In 1954, Fort Mackinac’s collection was assessed by Alexis Proust, a curator from the Kalamazoo Public Museum. Proust spent a month on the island, “examining, sorting, and considering the potentialities of the museum.” Objects “not germane to the museum’s purpose” were to be returned to donors or disposed of. As Frank Kreische died in 1946, his walrus skull likely sat in a pile of unwanted and forgotten items. From there, it was recovered by a student and given to Dr. Hussey. In 1955, it was officially donated to the U-M museum by MSHP park superintendent Carl Nordberg.

Untangling the Riddle

 In 1977, Charles Harington, curator at the National Museum of Canada, focused on a special detail of the Mackinac walrus. He wrote, “A series of nearly parallel, commonly long, cut and scratch marks are seen on the smoother parts of the cranial fragment. They are most evident on the right side of the rostrum, where a crosshatched effect is produced. I think these were produced by man … they deserve closer inspection by an archaeologist.”

 Harington doubled down on his assessment in 1988, calling the skull a cultural artifact, not a natural phenomenon. He noted a similar incised pattern was evident on a walrus tusk found near Syracuse, New York. He also reported specimens from New York, Ontario, and Quebec all revealed radiocarbon dates younger than 800 B.P. (before present). As the modern Great Lakes formed about 2,000 years ago, this meant sea creatures could not have swum to Michigan, and their remains were likely transported inland by Native Americans.

 After sitting in museum displays for about 80 years, the Mackinac walrus was finally subjected to radiocarbon dating. In June 1999, an expansive report, “The Late Wisconsinan and Holocene Record of Walrus (Odobenus rosmarus) from North America,” was printed in the journal Arctic. Its authors noted specimens across the U.S. and Canada likely represented long-distance acquisition of walrus ivory. They wrote, “This would also seem to be the only plausible explanation of an even more remote find: the anterior part of a walrus cranium lacking tusks that was recovered from a site on Mackinac Island, Michigan, reportedly from a beach deposit, yielded an age of 975 ± 60 B.P.”

Visit the Walrus

The walrus skull on display today at the University of Michigan Museum of Natural History.

Display of ancient marine mammal bones from Michigan at the U-M museum of Natural History

 Today, the well-traveled and sometimes mysterious Mackinac walrus remains on exhibit at the U-M Natural History Museum. The ancient skull fragment is displayed with a sperm whale vertebra and the rib of a bowhead whale, also found in Michigan. At the straits, new mysteries will be revealed during the 66th season of archaeological excavations at Mackinac State Historic Parks, which begins in June 2024. For more information, visit www.mackinacparks.com/more-info/history/archaeology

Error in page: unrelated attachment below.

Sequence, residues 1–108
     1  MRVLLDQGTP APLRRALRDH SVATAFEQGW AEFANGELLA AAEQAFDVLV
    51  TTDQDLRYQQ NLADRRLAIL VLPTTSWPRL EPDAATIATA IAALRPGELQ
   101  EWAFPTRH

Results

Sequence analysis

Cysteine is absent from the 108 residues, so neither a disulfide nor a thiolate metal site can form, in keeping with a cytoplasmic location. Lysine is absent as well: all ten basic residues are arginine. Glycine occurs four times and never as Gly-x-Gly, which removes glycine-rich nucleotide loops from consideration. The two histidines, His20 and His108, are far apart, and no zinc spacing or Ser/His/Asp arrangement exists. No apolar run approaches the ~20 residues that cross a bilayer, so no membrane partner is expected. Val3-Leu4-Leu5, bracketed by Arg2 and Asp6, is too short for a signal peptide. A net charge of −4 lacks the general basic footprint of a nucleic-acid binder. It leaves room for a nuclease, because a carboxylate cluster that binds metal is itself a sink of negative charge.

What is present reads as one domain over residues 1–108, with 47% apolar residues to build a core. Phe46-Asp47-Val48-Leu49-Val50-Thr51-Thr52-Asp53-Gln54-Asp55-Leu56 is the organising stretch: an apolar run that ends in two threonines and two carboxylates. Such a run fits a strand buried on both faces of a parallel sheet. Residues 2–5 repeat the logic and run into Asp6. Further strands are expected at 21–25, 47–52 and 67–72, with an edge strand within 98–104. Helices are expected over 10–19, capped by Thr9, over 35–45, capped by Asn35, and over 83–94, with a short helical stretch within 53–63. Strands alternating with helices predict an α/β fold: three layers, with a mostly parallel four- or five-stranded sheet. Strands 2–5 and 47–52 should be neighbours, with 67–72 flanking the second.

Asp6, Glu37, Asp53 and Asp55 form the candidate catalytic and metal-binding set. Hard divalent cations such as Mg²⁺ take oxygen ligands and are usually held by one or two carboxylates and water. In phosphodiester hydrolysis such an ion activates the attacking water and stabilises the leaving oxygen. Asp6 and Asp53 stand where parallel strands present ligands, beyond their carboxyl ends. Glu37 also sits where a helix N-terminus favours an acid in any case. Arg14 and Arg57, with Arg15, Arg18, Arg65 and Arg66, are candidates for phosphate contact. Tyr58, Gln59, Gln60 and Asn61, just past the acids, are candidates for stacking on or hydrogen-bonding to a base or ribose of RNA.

U.S. Army Forage Cap and Dress Helmet

Inspection at Fort Mackinac with soldiers in dress uniform.

The public interacts with our interpretive staff every day, asking questions about the island, fort, and the way soldiers stationed at Fort Mackinac lived when it was active between the years of 1780-1895. One of the main draws, other than the rifle and cannon demonstrations, are the tours, given by interpreters seen in two types of uniforms: the everyday “undress” uniform and the more elaborate “dress” uniform. One of the unique aspects of Fort Mackinac in the 1880s is the balance between its soldiers serving in both military and public facing capacities, which almost perfectly matches the roles of their different uniforms. A big part of how Mackinac State Historic Parks makes sure to best tell the stories of these uniforms, and the soldiers that wore them, is though our collections. Headgear, especially for the uniforms that are worn at the fort, are vital to the overall story that the park tells the public. Two specific items that embody these uniforms are the forage cap and dress helmet.

Forage Cap

 The forage cap, or the wool, leather brimmed cap with unit brass on the front, is an evolution from the forage cap from the Civil War. Mostly worn by officers until 1872, when the whole army adopted them, these vital pieces of a uniform were more commonly seen used during daily duties in and around the fort. For more formal occasions, such as when the public was let in the fort several times a week, they had a different uniform: the dress uniform. This consisted of a frock coat, white gloves, dress collar, and the dress helmet. This helmet had both Prussian and British influences, with a brass eagle plate on the front, and a spike on top.

Dress Helmet

 Both hats are unique in the way they help portray military life in the 1880s, as well as being some of the most recognizable items when the public comes to the fort. Having these items in our collections, furthermore, establishes the importance of public interaction with museums and their objects. Museum collections are often referenced for research, both public and private, and these hats hold significant value for those who want to learn more about the soldiers at Fort Mackinac. Items so easily identifiable and personal, such as these hats, aid in making that connection from the past to the present day, as these are the physical objects used daily by the people who served in the army in the 1880s.

A work party at Fort Mackinac.

 Fort Mackinac, one of our premier sites, benefits from having several items in our collections pertaining to it and the soldiers that were there. Being able to have physical representations from that era, which visitors see daily, is history translated to the present day. They allow the public to get a look at our collections every day, but in the form of a personal aspect, through our interpreters. This makes the park a living representation of its objects, with the interpreters discussing their importance every day, and sharing their legacy with a wider audience. The kepi and dress headgear are vital to the park to tell these stories, as they are an iconic part of the uniform, fort, and overall encompass a crucial period in the islands’ history.